by Matt Levine
Superstardom is an affliction known only to the select few: you can’t experience all that fame and glory without undergoing at least a little damage to your psyche. Or so the story has been told to us common folk countless times; cinematic iterations range from A Star is Born to A Face in the Crowd to the Radiohead documentary Meeting People is Easy, among many others. Now, you can add Amy to the list of predictable but devastating tales of talented artists who burned bright and much too briefly: this documentary on the rise and fall of Amy Winehouse, helmed by Senna director Asif Kapadia, charts a story that is well-known in the broader details but heartbreaking in its intimate, lived-in specifics. By the end of the film, you’ll be convinced that Winehouse was the most brilliant artist who ever had to struggle to demonstrate her greatness—a portrayal of legendary artistry common to commemorative docs like this one, though in this case the hagiography seems mostly warranted and empathetic.
Director: Asif Kapadia
Producer: James Gay-Rees
Editor: Chris King
Original Music: Antonio Pinto
Cast: Amy Winehouse, Yasiin Bey, Mark Ronson, Pete Doherty, Mitch Winehouse, Tony Bennett, Blake Fielder-Civil, Tyler James, Salaam Remi, Monte Lipman, Janis Winehouse
Premiere: May 16, 2015 – Cannes Film Festival
US Theatrical Release: July 3, 2015
US Distributor: A24
Kapadia draws from hundreds of hours of archival footage—not only TV interviews and recording sessions, but unvarnished video shot on cell phones of Amy hanging out with friends and collaborators—to evoke this rise-and-fall storyline. Indeed, some of the low-key, fly-on-the-wall scenes early in the film—a 16-year-old Amy blowing everyone away with “Happy Birthday” at a party, or one of her first jazz club performances, or smiling half-asleep from the backseat of a car—are the most affecting. This is footage we’ve never seen before, of Amy as the wondrous, real-life person with unlimited potential, and our knowledge of the fate she’ll meet turns these charming first impressions bittersweet. At a later point in the movie, this Amy that we've come to know and love will be overshadowed (at least in the public eye) by a different persona.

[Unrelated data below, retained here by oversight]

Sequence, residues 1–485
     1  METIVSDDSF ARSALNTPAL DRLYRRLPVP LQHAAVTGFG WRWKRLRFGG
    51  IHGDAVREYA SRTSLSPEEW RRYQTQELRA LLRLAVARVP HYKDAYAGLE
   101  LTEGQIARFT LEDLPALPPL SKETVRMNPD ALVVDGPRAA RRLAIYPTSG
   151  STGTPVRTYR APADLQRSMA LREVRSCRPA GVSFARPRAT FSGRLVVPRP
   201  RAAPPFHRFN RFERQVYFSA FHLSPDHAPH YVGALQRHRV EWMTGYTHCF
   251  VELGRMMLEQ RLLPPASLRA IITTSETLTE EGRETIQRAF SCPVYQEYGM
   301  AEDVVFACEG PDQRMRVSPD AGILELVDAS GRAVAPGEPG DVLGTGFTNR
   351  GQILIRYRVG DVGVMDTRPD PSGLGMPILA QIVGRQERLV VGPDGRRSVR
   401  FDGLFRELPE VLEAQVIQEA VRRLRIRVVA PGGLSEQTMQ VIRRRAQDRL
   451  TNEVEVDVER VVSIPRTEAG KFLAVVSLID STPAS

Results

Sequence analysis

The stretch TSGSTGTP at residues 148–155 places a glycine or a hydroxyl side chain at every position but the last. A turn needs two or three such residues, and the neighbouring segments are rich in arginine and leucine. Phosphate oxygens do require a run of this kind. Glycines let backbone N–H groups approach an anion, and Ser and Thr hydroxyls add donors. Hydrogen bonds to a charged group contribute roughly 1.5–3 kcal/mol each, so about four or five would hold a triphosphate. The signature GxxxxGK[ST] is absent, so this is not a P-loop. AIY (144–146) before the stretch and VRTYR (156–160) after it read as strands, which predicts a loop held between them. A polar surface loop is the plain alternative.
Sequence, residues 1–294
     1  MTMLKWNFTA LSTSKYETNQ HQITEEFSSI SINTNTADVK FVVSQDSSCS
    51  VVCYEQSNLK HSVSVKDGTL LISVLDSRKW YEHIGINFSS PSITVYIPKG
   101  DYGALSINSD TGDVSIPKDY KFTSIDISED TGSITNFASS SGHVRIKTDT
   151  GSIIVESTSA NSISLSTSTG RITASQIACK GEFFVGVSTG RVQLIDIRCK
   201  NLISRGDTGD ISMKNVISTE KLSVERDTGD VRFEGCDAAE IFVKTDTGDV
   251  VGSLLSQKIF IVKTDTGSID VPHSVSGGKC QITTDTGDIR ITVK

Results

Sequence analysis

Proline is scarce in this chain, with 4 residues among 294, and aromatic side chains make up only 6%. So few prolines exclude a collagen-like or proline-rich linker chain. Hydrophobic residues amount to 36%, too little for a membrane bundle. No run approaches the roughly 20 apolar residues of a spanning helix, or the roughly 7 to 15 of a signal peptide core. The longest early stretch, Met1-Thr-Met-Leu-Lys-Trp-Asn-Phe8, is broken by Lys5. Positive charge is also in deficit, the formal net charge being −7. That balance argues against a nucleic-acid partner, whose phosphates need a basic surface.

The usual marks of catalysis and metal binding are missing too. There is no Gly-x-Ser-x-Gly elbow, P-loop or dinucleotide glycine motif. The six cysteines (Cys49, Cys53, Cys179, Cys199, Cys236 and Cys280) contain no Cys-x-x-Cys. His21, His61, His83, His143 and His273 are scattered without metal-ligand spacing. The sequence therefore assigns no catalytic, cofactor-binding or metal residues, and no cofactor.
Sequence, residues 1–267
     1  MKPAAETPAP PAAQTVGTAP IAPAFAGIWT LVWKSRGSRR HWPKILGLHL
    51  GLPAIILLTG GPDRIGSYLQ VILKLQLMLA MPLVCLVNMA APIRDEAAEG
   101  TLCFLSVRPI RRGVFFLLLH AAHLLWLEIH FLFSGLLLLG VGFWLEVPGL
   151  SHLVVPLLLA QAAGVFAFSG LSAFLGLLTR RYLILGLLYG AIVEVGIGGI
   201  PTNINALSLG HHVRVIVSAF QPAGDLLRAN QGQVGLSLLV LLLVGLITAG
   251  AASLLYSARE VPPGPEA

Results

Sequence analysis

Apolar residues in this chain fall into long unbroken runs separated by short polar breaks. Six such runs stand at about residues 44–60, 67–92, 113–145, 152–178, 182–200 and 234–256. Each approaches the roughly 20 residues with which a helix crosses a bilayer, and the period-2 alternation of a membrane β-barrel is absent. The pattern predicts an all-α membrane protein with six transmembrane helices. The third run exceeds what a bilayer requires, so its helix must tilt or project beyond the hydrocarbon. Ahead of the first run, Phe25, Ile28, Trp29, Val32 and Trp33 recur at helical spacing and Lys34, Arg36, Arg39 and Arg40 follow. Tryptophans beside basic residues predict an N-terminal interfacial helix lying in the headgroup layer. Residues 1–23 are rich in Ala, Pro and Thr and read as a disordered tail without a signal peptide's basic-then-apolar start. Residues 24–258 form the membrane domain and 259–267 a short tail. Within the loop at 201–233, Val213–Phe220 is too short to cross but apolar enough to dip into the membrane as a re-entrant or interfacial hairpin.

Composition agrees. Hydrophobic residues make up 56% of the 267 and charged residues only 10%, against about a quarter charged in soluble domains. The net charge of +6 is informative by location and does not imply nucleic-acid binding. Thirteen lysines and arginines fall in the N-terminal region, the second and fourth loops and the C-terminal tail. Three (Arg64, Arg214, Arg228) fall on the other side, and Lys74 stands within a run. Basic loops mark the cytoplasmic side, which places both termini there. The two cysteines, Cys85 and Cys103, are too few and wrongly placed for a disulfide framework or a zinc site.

As her fans surely know, Winehouse’s rise to fame was quick and meteoric. At less than twenty years old, she was discovered by the recording industry and signed to Island Records; her debut album Frank, released in 2003, eventually reached platinum and brought Winehouse a tidal wave of awards and acclaim. Three years later, Back to Black brought Winehouse even greater levels of popularity (it was the number one album in the UK in 2007), but this was also the period in which her alcoholism, various drug addictions, and quite apparent health issues (including bulimia, a lifetime ailment) entered the public eye, often being derided by the entertainment media. The next several years consisted of studio-mandated tours—which became erratic and unpredictable, with Winehouse sometimes unable to perform—and off-and-on attempts to complete her next project (Amy suggests these delays were partially because the album Winehouse wanted to make, a collaboration with Ahmir ?uestlove Thompson, was not supported by her label). We all know how it ends: black vehicles surrounding her Camden apartment, paparazzi snapping away outside, her fans teary-eyed and uncomprehending as news of her death from alcohol poisoning spread.